Hizballah's position about Shebaa Farms is contrary to that of the Security Council, which, as Roed-Larsen explained, "have repeatedly stated the position that the Shebaa Farms area is not part of Lebanon." Roed-Larsen went on to say that even were the Lebanese claims to Shebaa Farms legitimate, it would be the government's responsibility to address the claim, not an armed militia. Though the new Lebanese government of Fouad Siniora promised Roed-Larsen it would exert its authority over all of Lebanon, it would be optimistic to expect Hizballah to surrender its weapons readily. The Islamist group sees its arms as important to its ideological claims and to its ambitions to become the dominant player in Lebanese politics.
Not surprisingly, in a move to preempt possible Israeli withdrawal from Shebaa Farms, Hizballah's leader, Hasan Nasrallah, asserted that Lebanon's territorial integrity includes not only the disputed Shebaa Farms but also the disputed Seven Villages, which have been under Israeli control since the country's independence in 1948. (The Seven Villages became part of mandatory Palestine in 1923, when France and Britain drew the last borders between Syria, Lebanon, and Palestine). The underlying assumption is that Hizballah will continue its armed resistance even if Israel withdraws from Shebaa Farms on the pretext of continued Israeli occupation of Seven Villages. In so doing, Hizbollah would either perpetuate an awkward condition under which the Lebanese government is not sovereign over its own territory or set the country on a sectarian collision course.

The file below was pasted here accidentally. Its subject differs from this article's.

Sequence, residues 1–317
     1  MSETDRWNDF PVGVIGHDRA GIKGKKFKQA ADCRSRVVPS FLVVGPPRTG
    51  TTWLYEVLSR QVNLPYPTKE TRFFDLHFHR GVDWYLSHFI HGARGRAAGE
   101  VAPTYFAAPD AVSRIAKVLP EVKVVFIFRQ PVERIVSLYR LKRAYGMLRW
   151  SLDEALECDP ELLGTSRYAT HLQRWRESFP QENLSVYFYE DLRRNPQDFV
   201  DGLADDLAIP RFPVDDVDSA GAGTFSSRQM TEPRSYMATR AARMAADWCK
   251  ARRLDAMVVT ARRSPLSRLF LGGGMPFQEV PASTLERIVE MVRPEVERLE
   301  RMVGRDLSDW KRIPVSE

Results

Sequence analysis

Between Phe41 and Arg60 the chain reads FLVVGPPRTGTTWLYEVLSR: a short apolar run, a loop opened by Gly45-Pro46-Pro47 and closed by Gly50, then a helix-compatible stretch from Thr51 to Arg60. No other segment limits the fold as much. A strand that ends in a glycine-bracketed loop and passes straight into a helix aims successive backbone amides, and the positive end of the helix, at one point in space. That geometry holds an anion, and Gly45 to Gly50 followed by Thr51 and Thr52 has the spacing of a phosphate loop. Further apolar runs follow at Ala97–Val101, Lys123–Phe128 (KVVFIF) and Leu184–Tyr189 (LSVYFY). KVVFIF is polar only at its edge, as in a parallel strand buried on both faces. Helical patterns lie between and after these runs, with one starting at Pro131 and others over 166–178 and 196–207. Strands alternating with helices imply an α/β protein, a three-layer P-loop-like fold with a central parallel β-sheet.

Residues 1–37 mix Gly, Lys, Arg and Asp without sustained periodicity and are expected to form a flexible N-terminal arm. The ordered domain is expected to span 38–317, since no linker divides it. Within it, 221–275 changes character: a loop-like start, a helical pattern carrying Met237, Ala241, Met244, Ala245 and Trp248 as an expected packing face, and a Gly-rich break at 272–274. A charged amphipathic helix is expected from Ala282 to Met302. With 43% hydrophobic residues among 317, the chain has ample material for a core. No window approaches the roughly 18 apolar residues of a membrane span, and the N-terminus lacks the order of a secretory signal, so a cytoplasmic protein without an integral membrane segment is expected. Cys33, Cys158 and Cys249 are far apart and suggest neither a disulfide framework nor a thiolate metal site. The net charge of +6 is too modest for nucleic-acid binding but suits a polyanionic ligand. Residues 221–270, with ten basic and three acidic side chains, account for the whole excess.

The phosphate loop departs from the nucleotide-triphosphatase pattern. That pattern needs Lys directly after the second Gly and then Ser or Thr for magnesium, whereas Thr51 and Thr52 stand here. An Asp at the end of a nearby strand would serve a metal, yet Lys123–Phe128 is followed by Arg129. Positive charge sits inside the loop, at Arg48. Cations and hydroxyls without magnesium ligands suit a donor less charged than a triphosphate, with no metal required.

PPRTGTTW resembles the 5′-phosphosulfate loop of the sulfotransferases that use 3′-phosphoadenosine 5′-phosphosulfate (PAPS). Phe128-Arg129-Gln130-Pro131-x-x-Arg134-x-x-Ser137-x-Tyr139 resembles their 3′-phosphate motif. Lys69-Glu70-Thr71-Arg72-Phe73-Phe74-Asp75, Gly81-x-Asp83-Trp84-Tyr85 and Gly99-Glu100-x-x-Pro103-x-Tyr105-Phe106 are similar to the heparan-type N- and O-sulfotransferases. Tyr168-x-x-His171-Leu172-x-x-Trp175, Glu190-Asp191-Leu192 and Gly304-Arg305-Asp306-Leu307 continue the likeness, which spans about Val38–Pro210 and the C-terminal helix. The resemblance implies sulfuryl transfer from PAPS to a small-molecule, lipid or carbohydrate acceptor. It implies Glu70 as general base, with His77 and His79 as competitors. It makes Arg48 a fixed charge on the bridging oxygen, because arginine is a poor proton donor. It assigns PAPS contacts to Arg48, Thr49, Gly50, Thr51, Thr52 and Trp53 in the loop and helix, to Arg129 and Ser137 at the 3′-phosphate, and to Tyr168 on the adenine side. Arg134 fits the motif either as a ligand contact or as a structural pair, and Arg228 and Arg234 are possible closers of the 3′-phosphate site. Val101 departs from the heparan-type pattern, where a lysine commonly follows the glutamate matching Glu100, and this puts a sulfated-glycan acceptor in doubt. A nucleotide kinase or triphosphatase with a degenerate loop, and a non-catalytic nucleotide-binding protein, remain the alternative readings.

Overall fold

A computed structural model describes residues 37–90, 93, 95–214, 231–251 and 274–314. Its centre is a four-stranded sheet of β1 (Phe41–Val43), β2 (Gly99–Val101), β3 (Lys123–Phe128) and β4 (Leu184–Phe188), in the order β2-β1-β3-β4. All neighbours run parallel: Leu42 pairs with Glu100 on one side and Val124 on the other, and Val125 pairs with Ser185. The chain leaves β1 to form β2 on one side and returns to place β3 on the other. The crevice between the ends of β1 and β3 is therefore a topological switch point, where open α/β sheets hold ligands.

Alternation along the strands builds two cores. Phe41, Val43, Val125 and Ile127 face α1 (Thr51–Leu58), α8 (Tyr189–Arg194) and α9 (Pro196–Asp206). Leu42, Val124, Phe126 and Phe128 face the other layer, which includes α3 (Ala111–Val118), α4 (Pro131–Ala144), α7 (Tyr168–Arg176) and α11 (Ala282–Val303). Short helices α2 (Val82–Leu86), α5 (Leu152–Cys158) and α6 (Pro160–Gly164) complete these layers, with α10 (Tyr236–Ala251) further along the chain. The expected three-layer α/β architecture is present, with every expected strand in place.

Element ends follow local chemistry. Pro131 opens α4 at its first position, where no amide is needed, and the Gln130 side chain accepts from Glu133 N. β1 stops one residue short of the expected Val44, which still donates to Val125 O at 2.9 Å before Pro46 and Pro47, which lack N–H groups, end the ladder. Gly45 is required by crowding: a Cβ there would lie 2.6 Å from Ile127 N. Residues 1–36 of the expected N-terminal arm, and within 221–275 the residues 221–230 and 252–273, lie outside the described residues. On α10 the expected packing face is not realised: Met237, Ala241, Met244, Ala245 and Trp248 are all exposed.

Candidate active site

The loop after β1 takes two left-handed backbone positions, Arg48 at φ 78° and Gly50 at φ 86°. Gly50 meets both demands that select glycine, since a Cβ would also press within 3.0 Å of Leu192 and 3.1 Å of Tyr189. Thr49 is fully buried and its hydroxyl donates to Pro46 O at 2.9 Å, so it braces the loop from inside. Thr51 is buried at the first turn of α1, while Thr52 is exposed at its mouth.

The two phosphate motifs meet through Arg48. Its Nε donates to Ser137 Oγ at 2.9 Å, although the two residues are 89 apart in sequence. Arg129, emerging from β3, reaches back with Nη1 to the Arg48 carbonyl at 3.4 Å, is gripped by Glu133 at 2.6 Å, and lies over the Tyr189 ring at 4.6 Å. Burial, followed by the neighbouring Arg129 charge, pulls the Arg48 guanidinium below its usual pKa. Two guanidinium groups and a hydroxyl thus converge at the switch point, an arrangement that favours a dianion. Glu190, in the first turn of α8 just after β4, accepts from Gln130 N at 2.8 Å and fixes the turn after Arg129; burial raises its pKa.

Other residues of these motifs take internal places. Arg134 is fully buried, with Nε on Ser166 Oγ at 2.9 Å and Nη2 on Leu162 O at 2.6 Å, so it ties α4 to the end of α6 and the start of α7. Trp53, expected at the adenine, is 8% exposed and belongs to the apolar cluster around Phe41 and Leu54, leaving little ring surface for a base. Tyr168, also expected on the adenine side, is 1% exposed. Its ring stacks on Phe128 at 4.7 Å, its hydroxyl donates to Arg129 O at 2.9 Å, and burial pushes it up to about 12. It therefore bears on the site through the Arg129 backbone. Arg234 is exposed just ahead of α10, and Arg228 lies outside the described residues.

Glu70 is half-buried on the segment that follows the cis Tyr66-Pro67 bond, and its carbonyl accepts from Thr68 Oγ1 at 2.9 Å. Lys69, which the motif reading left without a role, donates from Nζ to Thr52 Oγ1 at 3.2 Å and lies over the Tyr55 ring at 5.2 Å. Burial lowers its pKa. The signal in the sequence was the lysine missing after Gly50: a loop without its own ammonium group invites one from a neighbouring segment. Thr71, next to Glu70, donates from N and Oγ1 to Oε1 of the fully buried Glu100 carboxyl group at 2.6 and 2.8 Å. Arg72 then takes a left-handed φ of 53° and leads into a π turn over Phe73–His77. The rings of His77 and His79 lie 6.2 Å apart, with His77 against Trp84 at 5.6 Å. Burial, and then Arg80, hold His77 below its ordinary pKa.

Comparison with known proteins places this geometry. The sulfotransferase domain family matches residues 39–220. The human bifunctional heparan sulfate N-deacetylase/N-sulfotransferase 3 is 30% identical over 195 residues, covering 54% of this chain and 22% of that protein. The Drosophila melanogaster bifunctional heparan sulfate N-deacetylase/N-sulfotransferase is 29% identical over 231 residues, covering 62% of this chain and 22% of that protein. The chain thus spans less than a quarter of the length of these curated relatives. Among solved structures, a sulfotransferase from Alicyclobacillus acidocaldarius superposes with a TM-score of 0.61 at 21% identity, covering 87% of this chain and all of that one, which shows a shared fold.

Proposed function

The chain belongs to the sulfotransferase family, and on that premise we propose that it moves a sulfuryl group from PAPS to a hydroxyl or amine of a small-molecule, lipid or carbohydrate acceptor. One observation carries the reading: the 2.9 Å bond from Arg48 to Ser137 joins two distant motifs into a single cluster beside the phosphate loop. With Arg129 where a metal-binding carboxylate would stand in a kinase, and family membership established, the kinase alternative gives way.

Comprehensively addressing all the issues of Resolution 1559 would offer the Lebanese government and the international community their best chance of guaranteeing Lebanon's absolute sovereignty and political independence. Not only are the issues involved inseparably interwoven, they are also connected to wider regional policies and issues. A concerted international effort must be made to deny Syria and Iran, and their protÃ©gÃ©s, the PFLP-GC and Hizballah, the opportunity to destabilize Lebanon or exploit or intensify the Arab-Israeli conflict.
During their meeting next week to discuss Roed-Larsen's report, the Security Council should seize the opportunity and come up with some innovative measures to safeguard Lebanon's transition to a sovereign and democratic country. Ideally, Lebanon, Syria, and Israel should sign an agreement declaring that, in the absence of peace treaties, any dispute about existing de facto borders along the ceasefire lines should be settled by negotiations, not force of arms. Such an agreement could include some kind of demilitarized zone covering disputed areas, though that would raise difficult questions about who would enforce the demilitarization of the zone (similar zones on the Syrian-Israeli border from 1948 to 1967 were a constant source of tension). Such an agreement could go a long way to depriving Hizballah and Palestinian militias in Lebanon any pretext to carrying arms and waging their own political and ideological wars.
During a November 1 meeting with Kuwaiti foreign minister Sheikh Muhammad al-Sabah in Damacus, Syrian president Bashar al-Asad spoke about his readiness to respond positively to Resolution 1636. Helping Lebanon disarm the militias on its soil and demarcating the border between the two countries are concrete steps Asad could take toward the normalization of relations between Lebanon and Syria.
Robert Rabil, an adjunct scholar at The Washington Institute, is an assistant professor and director of graduate studies in the Department of Political Science at Florida Atlantic University.